STEPHEN WHITE’S ALAN GREGORY MYSTERY/THRILLER SERIES: Stephen White was also a clinical psychologist before he started writing and his main character has a private practice in Boulder, Colorado. His descriptions of the process of psychotherapy and the dilemmas shrinks face such as maintaining confidentiality, conflicts of interest, and privileged information are right on the money. Other psychology-focused series I really like are GH Ephron’s Peter Zak mysteries featuring a forensic neuropsychologist and Denise Swanson’s Scumble River series featuring a school psychologist.

ORDINARY PEOPLE (1980) based on the novel by Judith Guest, directed by Robert Redford, the shrink played by Judd Hirsch-one of my all-time favorite movies. Hirsch plays a warm, funny, insightful therapist who brings a depressed, guilty teenager back to life. Okay, so the grand revelation is not anything I’ve ever seen or experienced in therapy, but I loved it anyway. I also adored the scene where Donald Sutherland goes in to see the therapist and begins to realize some painful truths about his marriage.

IN TREATMENT (HBO): There’s a lot of buzz about this and I finally had the chance to watch an episode on a transatlantic flight. This was week 3, when Laura arrives late with a story about trying to save a dog who’d been hit by a car. Okay, I was sucked in fast, and it looked a lot like real psychotherapy. But remember that the therapist is supposed to use things that happen in the therapy as grist for the mill-this is called transference. He isn’t supposed to tell the patient “I think it’s time to quit.” I’m going to watch more, but if you pinned me to the mat, I’d say I don’t care for this guy…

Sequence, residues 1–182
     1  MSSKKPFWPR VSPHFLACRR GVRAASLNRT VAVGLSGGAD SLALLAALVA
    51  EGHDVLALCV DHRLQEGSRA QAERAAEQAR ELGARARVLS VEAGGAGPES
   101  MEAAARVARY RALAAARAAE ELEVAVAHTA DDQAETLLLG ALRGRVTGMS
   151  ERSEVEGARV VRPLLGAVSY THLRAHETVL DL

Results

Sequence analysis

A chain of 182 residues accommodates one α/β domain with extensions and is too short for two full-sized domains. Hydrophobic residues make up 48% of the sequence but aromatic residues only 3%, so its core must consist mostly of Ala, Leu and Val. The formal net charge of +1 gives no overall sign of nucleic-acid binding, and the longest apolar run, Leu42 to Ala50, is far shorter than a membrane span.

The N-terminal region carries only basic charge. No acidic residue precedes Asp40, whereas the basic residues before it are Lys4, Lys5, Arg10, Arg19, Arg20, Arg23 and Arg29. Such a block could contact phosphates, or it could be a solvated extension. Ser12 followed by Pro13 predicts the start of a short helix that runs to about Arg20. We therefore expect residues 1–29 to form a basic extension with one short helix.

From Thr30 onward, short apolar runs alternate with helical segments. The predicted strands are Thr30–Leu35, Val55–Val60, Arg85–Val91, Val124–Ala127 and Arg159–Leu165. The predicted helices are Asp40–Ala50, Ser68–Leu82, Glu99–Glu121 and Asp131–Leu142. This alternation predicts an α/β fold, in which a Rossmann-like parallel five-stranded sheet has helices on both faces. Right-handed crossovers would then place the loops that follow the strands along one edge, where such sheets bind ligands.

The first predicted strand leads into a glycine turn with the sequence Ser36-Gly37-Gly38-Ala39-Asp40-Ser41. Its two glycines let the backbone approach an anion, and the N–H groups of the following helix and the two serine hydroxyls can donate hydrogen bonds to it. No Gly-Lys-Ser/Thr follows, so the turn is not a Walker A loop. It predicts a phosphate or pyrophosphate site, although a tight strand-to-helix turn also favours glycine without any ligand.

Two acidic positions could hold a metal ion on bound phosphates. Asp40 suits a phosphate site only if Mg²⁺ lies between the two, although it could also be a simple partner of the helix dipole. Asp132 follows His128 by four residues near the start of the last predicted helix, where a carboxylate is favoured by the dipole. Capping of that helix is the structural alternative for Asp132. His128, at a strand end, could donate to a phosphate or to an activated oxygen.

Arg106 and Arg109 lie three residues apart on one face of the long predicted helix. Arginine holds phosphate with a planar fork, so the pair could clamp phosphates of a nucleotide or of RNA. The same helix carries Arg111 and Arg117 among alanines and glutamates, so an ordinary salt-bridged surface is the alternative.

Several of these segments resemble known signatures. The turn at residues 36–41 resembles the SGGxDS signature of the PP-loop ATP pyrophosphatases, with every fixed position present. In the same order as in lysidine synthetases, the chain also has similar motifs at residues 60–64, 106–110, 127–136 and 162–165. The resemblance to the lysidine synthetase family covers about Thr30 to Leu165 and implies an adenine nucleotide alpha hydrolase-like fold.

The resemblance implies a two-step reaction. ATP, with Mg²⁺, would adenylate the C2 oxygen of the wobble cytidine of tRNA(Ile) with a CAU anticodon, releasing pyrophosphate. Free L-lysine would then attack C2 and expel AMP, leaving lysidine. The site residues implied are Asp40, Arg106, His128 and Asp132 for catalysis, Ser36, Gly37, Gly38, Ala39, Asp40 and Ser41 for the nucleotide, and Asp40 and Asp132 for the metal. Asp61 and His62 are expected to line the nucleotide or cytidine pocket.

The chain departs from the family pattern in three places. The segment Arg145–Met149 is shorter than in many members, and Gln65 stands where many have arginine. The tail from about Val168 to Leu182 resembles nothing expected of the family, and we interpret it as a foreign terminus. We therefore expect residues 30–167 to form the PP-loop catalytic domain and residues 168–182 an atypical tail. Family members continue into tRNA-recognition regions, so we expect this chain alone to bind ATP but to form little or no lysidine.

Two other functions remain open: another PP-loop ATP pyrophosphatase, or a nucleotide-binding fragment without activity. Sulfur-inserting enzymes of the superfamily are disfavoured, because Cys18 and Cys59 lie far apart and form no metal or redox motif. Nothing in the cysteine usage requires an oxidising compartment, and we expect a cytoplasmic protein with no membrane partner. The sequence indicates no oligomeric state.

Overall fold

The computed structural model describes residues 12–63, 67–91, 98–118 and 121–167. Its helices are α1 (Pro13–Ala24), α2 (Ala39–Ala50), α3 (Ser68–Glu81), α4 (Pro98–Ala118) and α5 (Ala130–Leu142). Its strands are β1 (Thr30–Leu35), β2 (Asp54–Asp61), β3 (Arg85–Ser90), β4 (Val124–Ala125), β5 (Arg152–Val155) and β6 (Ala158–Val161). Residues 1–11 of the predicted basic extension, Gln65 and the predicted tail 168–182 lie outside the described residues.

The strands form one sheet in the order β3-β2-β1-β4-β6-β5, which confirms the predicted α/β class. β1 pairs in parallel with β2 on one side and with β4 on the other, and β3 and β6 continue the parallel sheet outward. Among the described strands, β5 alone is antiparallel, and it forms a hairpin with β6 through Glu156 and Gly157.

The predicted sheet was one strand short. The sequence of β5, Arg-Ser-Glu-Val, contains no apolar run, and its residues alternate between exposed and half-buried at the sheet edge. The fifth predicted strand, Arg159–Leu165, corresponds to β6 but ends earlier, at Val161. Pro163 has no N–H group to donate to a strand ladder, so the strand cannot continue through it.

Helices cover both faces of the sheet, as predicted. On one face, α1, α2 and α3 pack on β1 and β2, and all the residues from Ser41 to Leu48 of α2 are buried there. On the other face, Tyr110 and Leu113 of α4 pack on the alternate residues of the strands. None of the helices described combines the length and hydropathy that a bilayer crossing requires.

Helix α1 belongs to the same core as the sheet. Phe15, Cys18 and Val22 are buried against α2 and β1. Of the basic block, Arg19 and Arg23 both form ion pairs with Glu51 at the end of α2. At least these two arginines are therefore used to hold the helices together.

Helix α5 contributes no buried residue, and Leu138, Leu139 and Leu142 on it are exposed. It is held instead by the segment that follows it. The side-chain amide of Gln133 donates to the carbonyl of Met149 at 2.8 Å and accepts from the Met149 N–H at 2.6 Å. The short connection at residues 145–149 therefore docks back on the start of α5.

And now the doctor is in-ready to take your questions and comments about favorite shrinks, bad shrinks, your shrinks (oh wait, better not go there…)

And please visit to learn more about the advice column mysteries.

For tin Cup:

Asking for Murder:

The Sopranos:

Stephen white:

Ordinary People:

In treatment:

9 replies
  1. ljsellers
    ljsellers says:

    My first introduction to “shrinks” in novels came from Erica Jong, and it jaded me a little. Eventually, I read Running with Scissors, a memoir starring the craziest of head doctors. So I see your point, and I’ll try to remember it’s all made up … even some of the memoirs.

  2. robertaisleib
    robertaisleib says:

    Hi Jan, thanks for your questions. Yes, your psychiatrist could both prescribe medication if it’s needed and conduct psychotherapy.

    If you have a good story, I think the market would be receptive to the characters you’re describing. These sound more in the camp of thriller or harder-boiled novels, which are very much in demand right now.

    So keep writing and good luck!

  3. JanW
    JanW says: